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After Pilot, Illumina Adds Clinical Interpretation as Option for Individual Genome Sequencing Service

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Illumina has explored the clinical interpretation of results from its Individual Genome Sequencing service in a small group of professionals and has added clinical reporting as an option for its service, Clinical Sequencing News has learned.

Illumina has been offering its personal whole-genome sequencing service since 2009 (IS 6/16/2009). The test needs to be ordered by a physician and the sequencing is performed in Illumina's CLIA-certified and CAP-accredited Clinical Service Laboratory. Until recently, the company only delivered a list of annotated single nucleotide variants and left the clinical interpretation to third parties and informed doctors.

But, according to Tina Hambuch, Illumina's scientific liaison for its clinical laboratory, the company decided that it also wanted to "tell patients and physicians how the data answers their questions."

Earlier this month at the Personal Genomes and Medical Genomics conference at Cold Spring Harbor Laboratory, Hambuch presented some results from its pilot project.

Participating in the project were 52 professionals who are active in the field of human genetics and genomics and were presumed to be healthy. Illumina sequenced their genome -- or the genome of a patient they chose to submit instead of their own genome -- in its CLIA laboratory. Last month, participants gathered at an Illumina-sponsored symposium, called "Understand Your Genome," to discuss their results (CSN 6/27/2012).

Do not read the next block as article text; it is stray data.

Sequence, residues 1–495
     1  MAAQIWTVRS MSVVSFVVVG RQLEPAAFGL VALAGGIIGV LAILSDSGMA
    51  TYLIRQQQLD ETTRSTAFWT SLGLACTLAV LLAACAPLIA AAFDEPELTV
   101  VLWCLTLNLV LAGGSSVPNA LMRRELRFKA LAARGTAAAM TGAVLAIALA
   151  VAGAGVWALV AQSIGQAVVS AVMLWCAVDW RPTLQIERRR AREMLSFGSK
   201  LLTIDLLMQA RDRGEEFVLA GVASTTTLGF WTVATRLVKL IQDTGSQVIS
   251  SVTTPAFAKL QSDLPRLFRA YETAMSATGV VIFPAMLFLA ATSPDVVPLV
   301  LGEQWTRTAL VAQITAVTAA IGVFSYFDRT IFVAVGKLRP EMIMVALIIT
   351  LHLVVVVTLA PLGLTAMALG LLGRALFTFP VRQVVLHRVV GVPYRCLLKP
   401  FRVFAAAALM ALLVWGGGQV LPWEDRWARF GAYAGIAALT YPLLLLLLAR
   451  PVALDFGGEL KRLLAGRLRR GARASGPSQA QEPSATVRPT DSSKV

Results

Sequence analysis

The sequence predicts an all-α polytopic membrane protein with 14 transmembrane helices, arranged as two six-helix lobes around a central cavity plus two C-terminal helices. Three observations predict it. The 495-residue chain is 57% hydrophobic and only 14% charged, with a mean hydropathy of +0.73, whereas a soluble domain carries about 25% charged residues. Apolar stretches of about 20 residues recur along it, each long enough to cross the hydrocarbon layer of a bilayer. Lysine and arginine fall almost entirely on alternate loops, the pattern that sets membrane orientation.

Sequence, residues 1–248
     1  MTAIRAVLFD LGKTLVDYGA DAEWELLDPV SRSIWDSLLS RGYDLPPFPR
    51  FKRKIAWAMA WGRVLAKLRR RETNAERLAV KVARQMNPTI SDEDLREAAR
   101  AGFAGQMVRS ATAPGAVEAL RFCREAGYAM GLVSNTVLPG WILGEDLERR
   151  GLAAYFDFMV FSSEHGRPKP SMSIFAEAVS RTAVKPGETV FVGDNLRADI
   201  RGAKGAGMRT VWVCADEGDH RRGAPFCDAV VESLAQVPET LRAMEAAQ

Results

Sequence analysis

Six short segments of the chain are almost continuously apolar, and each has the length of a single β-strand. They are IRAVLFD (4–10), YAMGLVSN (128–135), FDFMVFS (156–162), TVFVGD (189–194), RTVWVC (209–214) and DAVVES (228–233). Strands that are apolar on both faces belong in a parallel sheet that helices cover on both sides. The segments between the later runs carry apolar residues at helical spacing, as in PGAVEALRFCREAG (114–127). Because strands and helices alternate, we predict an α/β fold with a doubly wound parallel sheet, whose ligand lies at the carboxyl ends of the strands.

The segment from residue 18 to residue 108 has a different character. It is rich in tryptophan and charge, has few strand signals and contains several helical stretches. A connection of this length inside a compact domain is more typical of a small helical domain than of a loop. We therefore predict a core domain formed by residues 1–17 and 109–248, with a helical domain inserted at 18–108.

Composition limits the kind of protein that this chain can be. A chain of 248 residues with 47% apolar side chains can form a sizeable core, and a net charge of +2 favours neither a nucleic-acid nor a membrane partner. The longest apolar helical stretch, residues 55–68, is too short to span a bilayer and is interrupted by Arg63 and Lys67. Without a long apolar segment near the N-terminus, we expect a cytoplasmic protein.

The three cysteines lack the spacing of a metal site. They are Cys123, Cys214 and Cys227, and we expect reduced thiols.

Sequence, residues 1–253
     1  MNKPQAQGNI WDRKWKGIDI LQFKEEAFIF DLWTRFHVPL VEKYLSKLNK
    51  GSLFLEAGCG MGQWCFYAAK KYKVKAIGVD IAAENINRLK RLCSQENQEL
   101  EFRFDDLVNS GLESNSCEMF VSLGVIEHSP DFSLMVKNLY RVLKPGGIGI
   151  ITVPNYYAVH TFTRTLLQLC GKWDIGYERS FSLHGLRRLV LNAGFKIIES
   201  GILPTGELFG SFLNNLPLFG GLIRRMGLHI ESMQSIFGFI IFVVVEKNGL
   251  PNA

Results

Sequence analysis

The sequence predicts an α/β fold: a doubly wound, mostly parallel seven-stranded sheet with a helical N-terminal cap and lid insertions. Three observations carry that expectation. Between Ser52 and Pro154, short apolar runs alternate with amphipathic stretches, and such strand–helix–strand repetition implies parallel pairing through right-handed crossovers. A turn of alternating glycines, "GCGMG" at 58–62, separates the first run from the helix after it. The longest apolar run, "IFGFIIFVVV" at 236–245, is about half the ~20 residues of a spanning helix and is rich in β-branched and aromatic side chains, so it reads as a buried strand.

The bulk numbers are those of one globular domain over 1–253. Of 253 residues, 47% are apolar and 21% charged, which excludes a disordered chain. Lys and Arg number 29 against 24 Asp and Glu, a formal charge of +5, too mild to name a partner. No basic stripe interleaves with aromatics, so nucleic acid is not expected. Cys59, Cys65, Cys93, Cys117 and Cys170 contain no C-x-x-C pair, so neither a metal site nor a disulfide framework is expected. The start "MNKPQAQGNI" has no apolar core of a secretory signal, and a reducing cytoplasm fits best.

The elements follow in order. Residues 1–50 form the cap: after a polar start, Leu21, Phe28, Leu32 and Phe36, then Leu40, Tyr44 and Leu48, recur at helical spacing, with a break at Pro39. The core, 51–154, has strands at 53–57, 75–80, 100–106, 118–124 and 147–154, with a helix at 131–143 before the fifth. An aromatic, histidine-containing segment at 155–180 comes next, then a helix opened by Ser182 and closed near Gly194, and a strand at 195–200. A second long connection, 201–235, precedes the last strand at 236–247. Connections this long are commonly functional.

On average, Illumina researchers detected 3.3 million variants in each individual, about 21,000 of them in coding regions, and about 9,600 representing non-synonymous changes.

Partly because that number was too large to interpret in each person, they decided to focus on 344 genes associated with monogenic diseases. These included genes involved in adult-onset conditions with moderate to high penetrance as well as genes that are part of carrier screens. They were chosen based on guidelines from professional organizations and state recommendations for carrier status testing. "These are probably the most well understood genes out there," Hambuch said.

Another criterion was to only include those genes that would be completely covered by Illumina's sequencing and annotation process, which currently only analyzes single-nucleotide variants. This eliminated, for example, the fragile X mental retardation gene, because the disease involves trinucleotide repeats, as well as monogenic diseases usually caused by duplication events.

On average, the Illumina team discovered about 1,300 single nucleotide variants per individual in those 344 genes, although by the time they had reached the last genome, they only found about 50 variants they had not seen before.

About 30 to 40 variants per person were categorized in the Human Gene Mutation Database as deleterious mutations and were manually assessed by the researchers, who reviewed the underlying literature, searched locus-specific and allele frequency databases, and used functional prediction algorithms. A team of geneticists and genetic counselors then evaluated all the evidence.

The analysis required about 19 hours of manual review per genome, which Hambuch said is expected to decrease over time as analysis tools get better and their experience grows, aided by other laboratories willing to share their experience. One reason for the lengthy analysis is the fact that the genes they chose are well characterized and have a lot of literature associated with them.